The shipping sector, responsible for transporting approximately 90% of the world's goods, plays a vital role in the global economy. However, its significance comes with environmental consequences, contributing around 3% of total greenhouse gas (GHG) emissions. Despite being recognized for efficiency and lower carbon intensity, there is an undeniable need to decarbonize the sector, aligning with the imperative to combat climate change.
Historically, maritime discussions focused on managing pollutants like sulphur (SOx) and nitrogen oxides (NOx). However, the conversation has evolved, and recent regulatory agendas prioritize reducing greenhouse gas emissions. In July 2023, the International Maritime Organization (IMO) revealed a revised GHG Strategy, aiming for net-zero GHG emissions from international shipping by 2050 and promoting the adoption of alternative zero and near-zero GHG fuels by 2030.
The IMO's commitment to Life Cycle Assessment (LCA) guidelines and regulatory frameworks signifies a comprehensive examination of fuels based on a well-to-wake emissions profile, addressing all GHG emissions, including CH4 and N2O. As the global merchant fleet is expected to expand to 60,000 vessels by 2030, the marine fuels landscape is shifting toward a mix coexisting with traditional fossil fuels. This mix includes low carbon fuels like methane and methanol, derived from various pathways, and zero carbon fuels such as ammonia and hydrogen.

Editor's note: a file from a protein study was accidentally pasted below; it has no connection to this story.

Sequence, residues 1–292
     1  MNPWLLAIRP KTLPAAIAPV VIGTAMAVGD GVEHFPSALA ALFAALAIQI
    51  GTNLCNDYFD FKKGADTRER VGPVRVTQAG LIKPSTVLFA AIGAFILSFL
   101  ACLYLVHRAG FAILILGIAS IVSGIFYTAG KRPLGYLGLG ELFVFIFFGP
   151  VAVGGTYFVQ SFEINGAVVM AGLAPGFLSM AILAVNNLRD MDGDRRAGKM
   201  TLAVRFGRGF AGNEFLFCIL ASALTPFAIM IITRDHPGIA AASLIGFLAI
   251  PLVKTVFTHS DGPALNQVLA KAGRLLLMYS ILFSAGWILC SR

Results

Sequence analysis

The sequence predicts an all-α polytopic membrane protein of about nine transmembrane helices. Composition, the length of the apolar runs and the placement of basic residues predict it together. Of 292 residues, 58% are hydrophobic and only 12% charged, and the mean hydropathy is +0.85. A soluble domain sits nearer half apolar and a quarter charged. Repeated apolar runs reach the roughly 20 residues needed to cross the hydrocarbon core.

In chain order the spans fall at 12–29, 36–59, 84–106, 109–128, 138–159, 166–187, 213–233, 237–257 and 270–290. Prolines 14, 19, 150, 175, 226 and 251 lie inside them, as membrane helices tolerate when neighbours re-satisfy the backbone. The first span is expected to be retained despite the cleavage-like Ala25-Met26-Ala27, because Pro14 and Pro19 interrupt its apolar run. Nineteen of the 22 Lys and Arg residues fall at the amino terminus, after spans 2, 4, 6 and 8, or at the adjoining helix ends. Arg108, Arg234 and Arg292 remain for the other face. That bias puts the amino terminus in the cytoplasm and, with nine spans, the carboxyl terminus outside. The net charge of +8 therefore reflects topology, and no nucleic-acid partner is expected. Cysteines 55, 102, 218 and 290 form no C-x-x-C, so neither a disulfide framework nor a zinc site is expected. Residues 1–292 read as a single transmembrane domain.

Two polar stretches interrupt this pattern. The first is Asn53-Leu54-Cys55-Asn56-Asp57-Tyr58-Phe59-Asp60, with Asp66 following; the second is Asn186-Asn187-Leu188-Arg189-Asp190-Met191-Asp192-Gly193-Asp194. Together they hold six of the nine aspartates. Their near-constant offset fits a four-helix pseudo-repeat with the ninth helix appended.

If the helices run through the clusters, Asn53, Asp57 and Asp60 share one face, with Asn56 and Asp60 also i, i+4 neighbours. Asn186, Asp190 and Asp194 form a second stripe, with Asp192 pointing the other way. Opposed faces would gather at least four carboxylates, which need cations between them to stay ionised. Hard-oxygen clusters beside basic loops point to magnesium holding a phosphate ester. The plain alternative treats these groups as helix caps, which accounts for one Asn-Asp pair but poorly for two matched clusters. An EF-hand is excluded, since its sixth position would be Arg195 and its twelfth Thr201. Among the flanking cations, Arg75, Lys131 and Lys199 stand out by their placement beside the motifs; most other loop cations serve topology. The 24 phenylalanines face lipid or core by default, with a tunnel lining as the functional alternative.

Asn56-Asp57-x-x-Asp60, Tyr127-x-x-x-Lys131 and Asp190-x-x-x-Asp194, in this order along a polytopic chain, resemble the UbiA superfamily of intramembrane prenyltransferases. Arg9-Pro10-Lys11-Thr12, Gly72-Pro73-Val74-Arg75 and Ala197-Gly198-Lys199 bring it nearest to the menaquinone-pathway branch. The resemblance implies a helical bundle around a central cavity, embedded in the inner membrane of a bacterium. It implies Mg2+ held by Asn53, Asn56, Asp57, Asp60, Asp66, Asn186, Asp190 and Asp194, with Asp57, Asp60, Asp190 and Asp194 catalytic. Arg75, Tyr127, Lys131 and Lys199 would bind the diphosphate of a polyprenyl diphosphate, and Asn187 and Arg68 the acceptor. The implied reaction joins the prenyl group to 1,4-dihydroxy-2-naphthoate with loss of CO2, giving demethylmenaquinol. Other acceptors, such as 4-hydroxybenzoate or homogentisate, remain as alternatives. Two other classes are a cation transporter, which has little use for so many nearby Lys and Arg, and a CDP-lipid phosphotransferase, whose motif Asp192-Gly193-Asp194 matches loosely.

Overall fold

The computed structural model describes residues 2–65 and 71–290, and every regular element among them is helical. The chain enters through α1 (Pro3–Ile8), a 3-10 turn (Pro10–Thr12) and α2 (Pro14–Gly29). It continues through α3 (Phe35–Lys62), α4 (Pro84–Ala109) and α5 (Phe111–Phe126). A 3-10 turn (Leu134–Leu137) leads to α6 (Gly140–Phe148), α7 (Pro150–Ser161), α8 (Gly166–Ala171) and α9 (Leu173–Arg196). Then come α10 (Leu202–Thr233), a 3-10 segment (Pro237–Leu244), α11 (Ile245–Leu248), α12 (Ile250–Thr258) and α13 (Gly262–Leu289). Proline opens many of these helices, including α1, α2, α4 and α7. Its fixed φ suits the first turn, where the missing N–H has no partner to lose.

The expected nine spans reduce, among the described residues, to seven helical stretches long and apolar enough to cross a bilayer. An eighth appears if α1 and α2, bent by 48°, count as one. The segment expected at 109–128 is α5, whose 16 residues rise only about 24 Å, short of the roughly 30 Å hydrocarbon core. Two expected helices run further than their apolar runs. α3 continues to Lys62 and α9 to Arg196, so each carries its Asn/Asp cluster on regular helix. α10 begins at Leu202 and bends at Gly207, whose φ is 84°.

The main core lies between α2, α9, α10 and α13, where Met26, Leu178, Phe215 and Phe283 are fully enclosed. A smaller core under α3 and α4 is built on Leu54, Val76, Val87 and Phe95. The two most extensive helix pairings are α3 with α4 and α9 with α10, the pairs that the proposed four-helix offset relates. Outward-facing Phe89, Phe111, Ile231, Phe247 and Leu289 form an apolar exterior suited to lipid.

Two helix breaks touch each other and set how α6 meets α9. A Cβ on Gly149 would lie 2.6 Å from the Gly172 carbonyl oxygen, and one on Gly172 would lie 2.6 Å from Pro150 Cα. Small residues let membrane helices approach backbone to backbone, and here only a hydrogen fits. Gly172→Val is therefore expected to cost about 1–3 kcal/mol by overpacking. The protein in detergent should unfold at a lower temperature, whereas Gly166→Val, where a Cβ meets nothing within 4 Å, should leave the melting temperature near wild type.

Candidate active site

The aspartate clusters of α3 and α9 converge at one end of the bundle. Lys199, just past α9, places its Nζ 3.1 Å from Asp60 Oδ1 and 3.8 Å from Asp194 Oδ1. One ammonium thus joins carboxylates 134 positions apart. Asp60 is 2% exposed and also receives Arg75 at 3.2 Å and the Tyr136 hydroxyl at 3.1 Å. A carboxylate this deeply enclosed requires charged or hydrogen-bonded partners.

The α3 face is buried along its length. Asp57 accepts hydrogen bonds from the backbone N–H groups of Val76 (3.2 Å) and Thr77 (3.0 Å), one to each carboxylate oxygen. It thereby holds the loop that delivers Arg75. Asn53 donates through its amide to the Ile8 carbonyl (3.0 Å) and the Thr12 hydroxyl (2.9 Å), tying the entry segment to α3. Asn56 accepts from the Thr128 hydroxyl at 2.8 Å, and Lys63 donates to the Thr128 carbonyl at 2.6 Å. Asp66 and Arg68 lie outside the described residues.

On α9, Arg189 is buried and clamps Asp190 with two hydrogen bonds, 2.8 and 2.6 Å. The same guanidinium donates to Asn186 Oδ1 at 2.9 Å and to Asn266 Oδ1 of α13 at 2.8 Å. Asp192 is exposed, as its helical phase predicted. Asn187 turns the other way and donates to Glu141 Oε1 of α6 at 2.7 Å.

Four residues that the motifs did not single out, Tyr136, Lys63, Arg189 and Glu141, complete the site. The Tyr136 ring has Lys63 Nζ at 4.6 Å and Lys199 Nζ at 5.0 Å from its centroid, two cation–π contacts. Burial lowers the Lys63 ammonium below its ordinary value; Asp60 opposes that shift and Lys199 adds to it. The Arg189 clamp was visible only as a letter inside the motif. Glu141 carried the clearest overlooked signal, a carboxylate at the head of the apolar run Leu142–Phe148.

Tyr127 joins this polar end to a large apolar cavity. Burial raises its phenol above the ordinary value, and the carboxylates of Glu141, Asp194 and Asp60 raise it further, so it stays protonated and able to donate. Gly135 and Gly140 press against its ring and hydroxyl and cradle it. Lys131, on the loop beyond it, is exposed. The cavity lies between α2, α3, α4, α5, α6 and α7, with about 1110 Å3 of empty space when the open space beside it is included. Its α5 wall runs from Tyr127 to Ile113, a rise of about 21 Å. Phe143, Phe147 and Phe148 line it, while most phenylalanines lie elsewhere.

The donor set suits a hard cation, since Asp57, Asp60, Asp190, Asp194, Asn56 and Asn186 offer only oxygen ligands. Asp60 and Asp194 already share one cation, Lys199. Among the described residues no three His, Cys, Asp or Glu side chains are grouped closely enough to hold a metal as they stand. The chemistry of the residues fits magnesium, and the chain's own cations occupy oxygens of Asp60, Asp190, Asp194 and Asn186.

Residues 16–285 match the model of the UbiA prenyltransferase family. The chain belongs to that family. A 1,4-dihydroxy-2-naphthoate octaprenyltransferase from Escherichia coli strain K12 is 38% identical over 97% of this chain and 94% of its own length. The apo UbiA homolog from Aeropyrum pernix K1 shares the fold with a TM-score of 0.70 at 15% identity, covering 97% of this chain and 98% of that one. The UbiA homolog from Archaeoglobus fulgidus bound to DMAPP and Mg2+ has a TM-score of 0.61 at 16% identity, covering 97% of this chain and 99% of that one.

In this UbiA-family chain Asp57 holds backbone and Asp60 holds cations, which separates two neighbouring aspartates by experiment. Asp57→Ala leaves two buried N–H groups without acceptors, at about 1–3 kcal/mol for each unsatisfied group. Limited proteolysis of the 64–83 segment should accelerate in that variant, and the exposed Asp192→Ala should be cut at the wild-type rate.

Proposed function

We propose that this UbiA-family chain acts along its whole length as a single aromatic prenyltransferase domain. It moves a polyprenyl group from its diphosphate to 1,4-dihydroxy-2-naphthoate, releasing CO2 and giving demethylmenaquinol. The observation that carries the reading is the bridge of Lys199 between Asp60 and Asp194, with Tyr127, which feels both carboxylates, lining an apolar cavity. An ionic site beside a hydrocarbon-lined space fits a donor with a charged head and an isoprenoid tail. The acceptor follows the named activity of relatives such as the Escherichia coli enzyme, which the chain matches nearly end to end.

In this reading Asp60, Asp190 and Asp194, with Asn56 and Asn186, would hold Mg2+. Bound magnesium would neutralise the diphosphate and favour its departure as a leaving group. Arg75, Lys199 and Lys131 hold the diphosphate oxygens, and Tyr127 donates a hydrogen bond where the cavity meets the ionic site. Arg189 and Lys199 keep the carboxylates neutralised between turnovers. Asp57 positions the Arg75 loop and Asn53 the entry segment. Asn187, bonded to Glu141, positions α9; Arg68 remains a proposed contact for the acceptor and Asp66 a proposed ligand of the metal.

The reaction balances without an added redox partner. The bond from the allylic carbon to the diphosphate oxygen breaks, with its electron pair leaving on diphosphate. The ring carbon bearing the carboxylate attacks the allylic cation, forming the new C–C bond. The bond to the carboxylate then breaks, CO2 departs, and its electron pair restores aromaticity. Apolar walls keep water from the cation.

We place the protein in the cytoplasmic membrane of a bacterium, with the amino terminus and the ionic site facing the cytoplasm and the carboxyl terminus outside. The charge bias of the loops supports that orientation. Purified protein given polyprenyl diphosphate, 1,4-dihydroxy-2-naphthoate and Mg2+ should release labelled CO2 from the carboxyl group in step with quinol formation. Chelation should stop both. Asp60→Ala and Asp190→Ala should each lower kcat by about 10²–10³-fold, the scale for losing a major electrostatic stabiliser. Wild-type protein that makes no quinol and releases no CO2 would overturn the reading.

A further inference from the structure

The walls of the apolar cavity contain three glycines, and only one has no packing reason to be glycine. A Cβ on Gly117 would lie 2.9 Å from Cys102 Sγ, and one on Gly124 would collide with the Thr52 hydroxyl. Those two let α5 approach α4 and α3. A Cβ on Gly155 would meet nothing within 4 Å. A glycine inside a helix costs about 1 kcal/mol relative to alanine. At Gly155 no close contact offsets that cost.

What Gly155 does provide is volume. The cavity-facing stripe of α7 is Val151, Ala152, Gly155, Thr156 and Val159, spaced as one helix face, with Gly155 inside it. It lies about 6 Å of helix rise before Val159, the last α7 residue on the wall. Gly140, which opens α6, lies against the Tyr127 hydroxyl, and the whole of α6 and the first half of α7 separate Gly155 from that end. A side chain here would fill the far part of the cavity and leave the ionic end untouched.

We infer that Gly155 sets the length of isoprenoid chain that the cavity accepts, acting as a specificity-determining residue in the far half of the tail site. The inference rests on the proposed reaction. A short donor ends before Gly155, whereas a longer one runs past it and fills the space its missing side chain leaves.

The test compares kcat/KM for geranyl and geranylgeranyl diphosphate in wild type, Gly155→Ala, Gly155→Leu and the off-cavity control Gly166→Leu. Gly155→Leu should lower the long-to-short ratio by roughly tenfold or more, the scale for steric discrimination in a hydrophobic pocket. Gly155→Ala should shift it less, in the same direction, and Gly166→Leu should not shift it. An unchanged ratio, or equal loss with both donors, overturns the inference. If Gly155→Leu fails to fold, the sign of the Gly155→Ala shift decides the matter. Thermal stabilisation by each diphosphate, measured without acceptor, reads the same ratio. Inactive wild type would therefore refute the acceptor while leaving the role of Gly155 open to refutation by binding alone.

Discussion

Safety protocols must evolve alongside technological advancements during this paradigm shift, and SGMF plays a crucial role. SGMF advocates for a fuel-agnostic approach, emphasizing well-to-wake lifecycle analysis and encouraging the evaluation of fuels based on comprehensive environmental assessments.
SGMF actively promotes an emissions reduction culture within the sector, addressing fugitive, operational, and emergency releases, along with emissions from fuel combustion. Collaborating with its members, SGMF supports the industry in adopting diverse fuel solutions, recognizing the need for various fuels in facilitating the marine fuel energy transition. The future of shipping is likely to involve a mix of fuels, each with its unique role and environmental benefits, as the industry strives to meet ambitious emissions reduction targets.